Versatility is made possible with advanced optical technologies and limitless scanning volumes. Thanks to that, 3D scanners can measure any part, regardless of size, shape, material, surface finish, and complexity. Speed is defined with the instant mesh feature, where the generated mesh is already lightened and processed, ready to be seamlessly integrated into CAD or 3D printing software.

Metrology-grade 3D scanners, such as the HandySCAN 3D or the Go!SCAN 3D, as well as the software platforms VXModel and Polyworks, are good examples of these high-resolution, accurate, versatile, and fast scanning solutions.

Benefits: With high resolution, accuracy, versatility, and speed, the challenge of fitting a diesel engine into a gas-powered snowmobile can be achieved on time and on budget

In addition to a clean re-engineering, the diverse results that engineers get while testing their new design is the ultimate proof of their realization. 3D scanning technologies contribute to the following benefits, all of which are essential to being victorious in a clean snowmobile competition:

  • Safe and Robust Design
    The accuracy of 3D scans is an important factor in the safe and robust design of a diesel-powered snowmobile. Because 3D scanners and scan-to-CAD technologies generate reliable results, engineers know the correct tolerances between the engine and the engine bay. This way, they are comfortable to modify the structural foundation of the snowmobile in order to fit the engine. They know that they will not alter the structural integrity of the chassis.
  • Optimized Design Process
    Since 3D scanners can capture a lot of data on the complete surface (not just discrete points) without programming or preparation, designers and engineers save time during the design process by minimizing the number of iterations required in the design (and fabrication) of mounting components.
  • Better Performance
    One could think that modifying the structural foundation of a snowmobile to limit noise and eliminate emissions would be done at the expense of speed and performance. Thanks to the engineers’ ingenuity and with the help of 3D scanners, they could measure complex geometrical parts with various shapes and outlines to get them closer to their goal. With 3D scanners, engineers and designers have the capacity to make adjustments to components that were simply impossible to measure before, adding performance and robustness to the snowmobile.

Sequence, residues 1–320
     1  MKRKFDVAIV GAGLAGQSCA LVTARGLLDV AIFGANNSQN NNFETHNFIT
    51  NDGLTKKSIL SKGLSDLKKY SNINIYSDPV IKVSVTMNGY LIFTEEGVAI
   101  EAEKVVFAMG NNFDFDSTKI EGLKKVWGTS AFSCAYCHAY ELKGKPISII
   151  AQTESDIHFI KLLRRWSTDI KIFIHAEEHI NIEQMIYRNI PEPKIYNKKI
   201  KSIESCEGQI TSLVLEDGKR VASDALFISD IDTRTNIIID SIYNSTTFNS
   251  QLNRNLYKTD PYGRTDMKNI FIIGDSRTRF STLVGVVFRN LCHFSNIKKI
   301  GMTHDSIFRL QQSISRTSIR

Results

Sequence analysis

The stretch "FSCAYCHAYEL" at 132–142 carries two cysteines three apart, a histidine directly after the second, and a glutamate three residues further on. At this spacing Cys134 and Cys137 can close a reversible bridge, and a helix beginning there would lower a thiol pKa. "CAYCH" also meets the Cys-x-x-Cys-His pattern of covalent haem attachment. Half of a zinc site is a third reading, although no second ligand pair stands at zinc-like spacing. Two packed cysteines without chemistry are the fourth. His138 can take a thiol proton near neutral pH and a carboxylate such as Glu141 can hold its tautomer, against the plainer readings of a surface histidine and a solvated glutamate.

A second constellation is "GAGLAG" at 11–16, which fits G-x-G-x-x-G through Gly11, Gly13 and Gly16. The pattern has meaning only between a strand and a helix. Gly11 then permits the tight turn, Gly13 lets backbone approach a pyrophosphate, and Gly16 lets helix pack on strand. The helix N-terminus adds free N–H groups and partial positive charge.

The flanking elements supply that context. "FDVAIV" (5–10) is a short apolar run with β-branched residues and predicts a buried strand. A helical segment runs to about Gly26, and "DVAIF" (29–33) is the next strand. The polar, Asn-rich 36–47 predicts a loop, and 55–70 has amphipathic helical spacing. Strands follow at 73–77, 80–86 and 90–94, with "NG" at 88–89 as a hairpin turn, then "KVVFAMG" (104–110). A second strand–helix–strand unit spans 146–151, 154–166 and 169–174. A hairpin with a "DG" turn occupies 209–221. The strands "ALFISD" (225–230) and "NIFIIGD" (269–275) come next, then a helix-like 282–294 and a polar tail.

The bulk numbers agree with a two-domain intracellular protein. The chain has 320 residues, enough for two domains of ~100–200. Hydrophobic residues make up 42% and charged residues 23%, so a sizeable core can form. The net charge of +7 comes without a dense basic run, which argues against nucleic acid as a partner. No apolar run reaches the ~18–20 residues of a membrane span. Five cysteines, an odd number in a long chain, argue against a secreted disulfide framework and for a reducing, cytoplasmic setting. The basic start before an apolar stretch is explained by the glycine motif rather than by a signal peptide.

The Clarkson SAE Clean Snowmobile Team involves approximately 20 students from a wide variety of undergraduate programs into student projects for engineering experience and design. Their latest project was to design and build a diesel-powered snowmobile in one year, which is an impressive feat. With a little help from Polaris Industries, the team received a 2020 Polaris Titan Adventure chassis to start the modifications. The redesign also involved choosing a new diesel engine: the Caterpillar C1.1 liter 3-cylinder, 4-stroke diesel. The chassis was then transported to Montreal where Creaform Metrology Services performed (as a sponsor) 3D scanning to allow SolidWorks modeling of the engine bay.

“The way our team did this project would not have been possible without the Creaform 3D scan of the engine bay and a step-file of the engine that we received from Clarke Powered Solutions. The model geometry was incredibly accurate, which enabled several instances of tight clearances to be successful once the snowmobile was fabricated,” says Shawn Schneider, President of Clarkson SAE Clean Snowmobile.

The Clarkson SAE Clean Snowmobile Team returned from Michigan Technological University earlier this year touting a first-place finish in the Diesel Utility Class at the annual SAE Clean Snowmobile Challenge. “To do exactly what we did without a scan of the engine bay would have been nearly impossible,” adds Mr. Schneider.

The team can now continue developing and improving their robust design in CAD for the next four competitions until a new chassis is required in 2025. Having a reliable foundation to build off will inevitably enable creativity and innovation in the future.